(William R. Easterly, William Russell Easterly)
PERSONAL: Born in Morgantown, WV. Education: Bowling Green State University, B.A., 1979; Massachusetts Institute of Technology, Ph.D., 1985. Hobbies and other interests: Reading, music, cycling, roll-erblading, "neuro-surgery."
CAREER: Economist, professor, editor, and writer. Data Resources, Inc., Cambridge, MA, economist for Latin American service, 1980–81; El Colegio de Mexico, Mexico City, Mexico, research fellow, 1983–84; Massachusetts Institute of Technology, Cambridge, consultant to government of Jamaica, 1983, teaching assistant, 1984–85; World Bank, Washington, DC, economist in operations, 1985–87, economist, 1988, senior advisor, 1989–2001; affiliated with Institute for International Economics, Washington, DC, and Center for Global Development, Washington, DC, 2001–03; New York University, New York, NY, professor of economics and codirector of Development Research Institute, 2003–; Center for Global Development, Washington, DC, senior fellow.
Georgetown University, Washington, DC, adjunct professor, 1992, 1997–98; Johns Hopkins University, Baltimore, MD, adjunct professor, 1992–95; University of Maryland, College Park, faculty visitor, 1996. Has also worked in Africa, Latin American, and Russia.
(Editor, with Carlos Alfredo Rodríguez and Klaus Schmidt-Hebbel) Public Sector Deficits and Macroeconomic Performance, Oxford University Press (New York, NY), 1994.
The Elusive Quest for Growth: Economists' Adventures and Misadventures in the Tropics, MIT Press (Cambridge, MA), 2001.
The White Man's Burden: Why the West's Efforts to Aid the Rest Have Done So Much III and So Little Good, Penguin (New York, NY), 2006.
Also author of government reports for the World Bank, including (as William R. Easterly) Fiscal Adjustment and Deficit Financing during the Debt Crisis, 1989; (with others) Modeling the Macroeconomic Requirement of Policy Reforms, 1990; (with Sergio Rebelo) Marginal Income Tax Rates and Economic Growth in Developing Countries, 1992; (with Martha de Melo and Gur Ofer) Services as a Major Source of Growth in Russia and Other Former Soviet States, 1994; (with David Dollar), The Search for the Key: Aid, Investment, and Policies in Africa, 1999; Can Institutions Resolve Ethnic Conflict?, 2000; and The Effect of International Monetary Fund and World Bank Programs on Poverty, 2001.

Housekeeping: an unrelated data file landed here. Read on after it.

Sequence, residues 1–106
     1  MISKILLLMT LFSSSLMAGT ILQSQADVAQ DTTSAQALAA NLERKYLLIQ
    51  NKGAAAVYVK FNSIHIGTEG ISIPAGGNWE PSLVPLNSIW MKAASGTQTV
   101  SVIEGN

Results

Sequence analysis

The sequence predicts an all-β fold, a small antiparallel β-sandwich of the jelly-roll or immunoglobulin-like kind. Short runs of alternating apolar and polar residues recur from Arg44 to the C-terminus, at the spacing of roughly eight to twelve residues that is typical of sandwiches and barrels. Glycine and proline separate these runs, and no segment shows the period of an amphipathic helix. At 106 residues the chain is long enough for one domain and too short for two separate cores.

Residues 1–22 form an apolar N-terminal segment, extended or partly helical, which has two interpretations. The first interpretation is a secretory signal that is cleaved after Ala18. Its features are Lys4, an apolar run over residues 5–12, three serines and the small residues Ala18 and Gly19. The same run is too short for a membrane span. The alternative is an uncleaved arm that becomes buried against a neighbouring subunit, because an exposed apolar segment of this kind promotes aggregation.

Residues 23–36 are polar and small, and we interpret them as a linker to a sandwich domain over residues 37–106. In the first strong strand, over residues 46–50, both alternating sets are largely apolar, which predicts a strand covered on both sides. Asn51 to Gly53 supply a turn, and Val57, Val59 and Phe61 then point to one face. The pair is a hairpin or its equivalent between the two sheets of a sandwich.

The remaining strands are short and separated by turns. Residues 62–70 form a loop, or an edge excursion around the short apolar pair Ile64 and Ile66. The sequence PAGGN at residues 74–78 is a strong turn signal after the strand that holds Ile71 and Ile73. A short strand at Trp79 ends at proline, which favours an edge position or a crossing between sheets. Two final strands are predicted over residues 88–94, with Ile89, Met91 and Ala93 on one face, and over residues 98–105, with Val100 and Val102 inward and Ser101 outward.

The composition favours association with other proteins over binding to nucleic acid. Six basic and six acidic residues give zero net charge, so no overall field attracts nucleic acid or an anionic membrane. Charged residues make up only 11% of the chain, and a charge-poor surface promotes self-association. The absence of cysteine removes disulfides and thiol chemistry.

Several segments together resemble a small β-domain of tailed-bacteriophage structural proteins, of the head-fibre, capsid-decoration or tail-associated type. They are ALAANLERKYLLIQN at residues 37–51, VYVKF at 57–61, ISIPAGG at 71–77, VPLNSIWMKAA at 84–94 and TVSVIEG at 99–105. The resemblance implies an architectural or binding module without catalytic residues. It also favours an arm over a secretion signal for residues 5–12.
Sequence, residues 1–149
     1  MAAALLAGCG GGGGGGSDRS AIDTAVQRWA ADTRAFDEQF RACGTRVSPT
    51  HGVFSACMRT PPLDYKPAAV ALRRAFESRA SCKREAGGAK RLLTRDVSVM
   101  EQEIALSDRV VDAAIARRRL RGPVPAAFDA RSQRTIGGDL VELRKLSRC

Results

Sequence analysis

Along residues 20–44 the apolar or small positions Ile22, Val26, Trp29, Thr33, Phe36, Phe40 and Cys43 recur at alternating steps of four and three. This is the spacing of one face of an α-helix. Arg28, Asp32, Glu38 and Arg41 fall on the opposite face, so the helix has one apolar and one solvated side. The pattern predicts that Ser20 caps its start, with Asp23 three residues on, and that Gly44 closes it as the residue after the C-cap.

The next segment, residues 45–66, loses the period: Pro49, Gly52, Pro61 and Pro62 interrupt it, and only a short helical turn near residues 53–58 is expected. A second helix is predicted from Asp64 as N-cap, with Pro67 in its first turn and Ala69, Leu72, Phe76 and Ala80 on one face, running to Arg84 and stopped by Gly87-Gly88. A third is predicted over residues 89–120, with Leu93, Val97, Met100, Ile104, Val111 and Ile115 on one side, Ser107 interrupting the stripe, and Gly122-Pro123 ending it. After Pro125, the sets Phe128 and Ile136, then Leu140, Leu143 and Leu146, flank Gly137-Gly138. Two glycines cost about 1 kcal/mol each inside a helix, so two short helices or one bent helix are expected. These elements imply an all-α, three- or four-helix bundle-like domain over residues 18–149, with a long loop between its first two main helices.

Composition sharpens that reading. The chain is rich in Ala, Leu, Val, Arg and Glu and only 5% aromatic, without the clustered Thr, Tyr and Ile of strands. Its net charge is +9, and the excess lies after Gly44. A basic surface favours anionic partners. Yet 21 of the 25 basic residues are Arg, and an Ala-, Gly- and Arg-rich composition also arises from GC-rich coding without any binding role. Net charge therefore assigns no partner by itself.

Contributor to scholarly journals, including Economics and Politics, World Development, Journal of Economic Perspectives, and Journal of Monetary Economics. As-sociate editor of Quarterly Journal of Economics, Journal of Economic Growth, and Journal of Development Economics.
WORK IN PROGRESS: Editing Reinventing Foreign Aid, for MIT Press, expected 2007.
SIDELIGHTS: William Easterly has spent his career focused on world economics, particularly in relation to developing countries. Also a professor of economics, he has written numerous government reports for the World Bank, an institution which provides financial and technical assistance to developing countries in order to reduce global poverty. He has also coedited and authored books on related topics.
Easterly's first sole-authored, full-length book is titled The Elusive Quest for Growth: Economists' Adventures and Misadventures in the Tropics. The book is an analysis of efforts made during the past fifty years to facilitate and accelerate development in third-world countries. Easterly uses research and his own experiences at the World Bank to examine why certain government policies have failed to aid impoverished nations. Easterly challenges common assumptions and also supplies humanistic solutions to stimulate economic growth.